“Pharmacy is proving itself with the national flu service,” the NPA said in response to the record number of vaccinations delivered this season.
Broadening the range of vaccination services available in community pharmacy – to cover shingles and others – is “a current matter of discussion with the NPA board”, it confirmed to C+D today (March 2).
Pharmacy blamed for shingles vaccination decline
The pharmacy flu service was cited as a contributory factor to the decline in shingles vaccination uptake, in a Public Health England (PHE) report published in January.
The report suggested that because patients were choosing to go to "pharmacies or other providers" for their flu vaccination, rather than their GP practice, GPs were not able to identify who was eligible for a shingles jab.
In response to C+D's coverage of the pharmacy flu service, readers said the “obvious answer” to improve uptake of shingles vaccinations would be to commission pharmacies to provide them as well.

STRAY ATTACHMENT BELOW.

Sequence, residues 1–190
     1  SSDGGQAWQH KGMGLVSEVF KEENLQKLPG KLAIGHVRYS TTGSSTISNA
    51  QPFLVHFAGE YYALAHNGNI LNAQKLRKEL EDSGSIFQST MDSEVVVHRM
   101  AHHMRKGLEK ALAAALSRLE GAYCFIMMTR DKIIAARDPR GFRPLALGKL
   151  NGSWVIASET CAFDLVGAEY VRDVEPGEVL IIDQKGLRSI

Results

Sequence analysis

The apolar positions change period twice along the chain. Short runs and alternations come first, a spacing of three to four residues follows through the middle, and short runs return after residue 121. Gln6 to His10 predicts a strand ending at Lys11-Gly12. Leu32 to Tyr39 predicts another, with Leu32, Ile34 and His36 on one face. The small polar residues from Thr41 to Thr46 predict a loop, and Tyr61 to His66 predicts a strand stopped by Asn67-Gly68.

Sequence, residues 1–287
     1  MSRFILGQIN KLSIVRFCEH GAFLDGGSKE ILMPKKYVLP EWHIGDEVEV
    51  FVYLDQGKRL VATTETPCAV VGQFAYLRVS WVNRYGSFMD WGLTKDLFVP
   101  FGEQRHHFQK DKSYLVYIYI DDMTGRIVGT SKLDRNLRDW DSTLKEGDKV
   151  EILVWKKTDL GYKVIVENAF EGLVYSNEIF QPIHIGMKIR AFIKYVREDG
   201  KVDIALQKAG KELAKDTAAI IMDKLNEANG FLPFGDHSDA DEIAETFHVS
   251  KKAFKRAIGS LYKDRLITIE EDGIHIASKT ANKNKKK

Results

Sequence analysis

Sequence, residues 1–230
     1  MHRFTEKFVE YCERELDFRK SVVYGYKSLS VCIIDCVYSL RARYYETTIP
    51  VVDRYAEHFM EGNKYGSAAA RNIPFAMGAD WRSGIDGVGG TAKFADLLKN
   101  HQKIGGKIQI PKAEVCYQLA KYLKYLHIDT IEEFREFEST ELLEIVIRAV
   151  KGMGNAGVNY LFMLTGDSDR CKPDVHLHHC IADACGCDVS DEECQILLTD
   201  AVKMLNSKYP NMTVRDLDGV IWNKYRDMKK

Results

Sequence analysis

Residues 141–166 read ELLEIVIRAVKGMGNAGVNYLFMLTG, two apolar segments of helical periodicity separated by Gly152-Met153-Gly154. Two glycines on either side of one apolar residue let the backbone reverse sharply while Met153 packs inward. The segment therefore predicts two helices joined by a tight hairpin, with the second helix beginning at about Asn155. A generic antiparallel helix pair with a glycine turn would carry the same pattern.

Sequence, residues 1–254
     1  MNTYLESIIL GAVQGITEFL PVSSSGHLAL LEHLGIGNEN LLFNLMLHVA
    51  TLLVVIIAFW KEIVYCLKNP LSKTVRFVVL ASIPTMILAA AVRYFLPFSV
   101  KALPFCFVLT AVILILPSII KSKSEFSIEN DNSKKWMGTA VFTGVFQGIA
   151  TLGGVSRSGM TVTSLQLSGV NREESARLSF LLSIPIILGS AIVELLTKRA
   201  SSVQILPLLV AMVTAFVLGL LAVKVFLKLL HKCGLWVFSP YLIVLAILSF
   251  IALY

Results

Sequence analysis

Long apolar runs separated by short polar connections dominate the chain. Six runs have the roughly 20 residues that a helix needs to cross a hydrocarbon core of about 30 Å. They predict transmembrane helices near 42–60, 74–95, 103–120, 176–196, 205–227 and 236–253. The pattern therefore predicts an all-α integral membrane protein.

NHS England did not confirm if it would consider commissioning a pharmacy shingles vaccination service when asked by C+D.
"We commission general practice to provide this service to eligible patients and work to ensure as many patients as possible take up this opportunity," a spokesperson said.
Because GPs hold the patient's record, they are "well placed" to assess a patient’s suitability for the shingles vaccine, the commissioner added.
When C+D asked PHE the same question, the organisation responded that it needs “the support of all health professionals" to tackle shingles.
“We are considering a range of possible approaches to simplify the programme and its eligibility criteria," it added on Monday (February 27).
Under the current pharmacy flu specification guidelines, patients who are eligible for other vaccinations should be referred to their GP practice.
Pharmacists can administer "other vaccinations", for example the pneumonia vaccine, if locally contracted to do so, the guidelines state.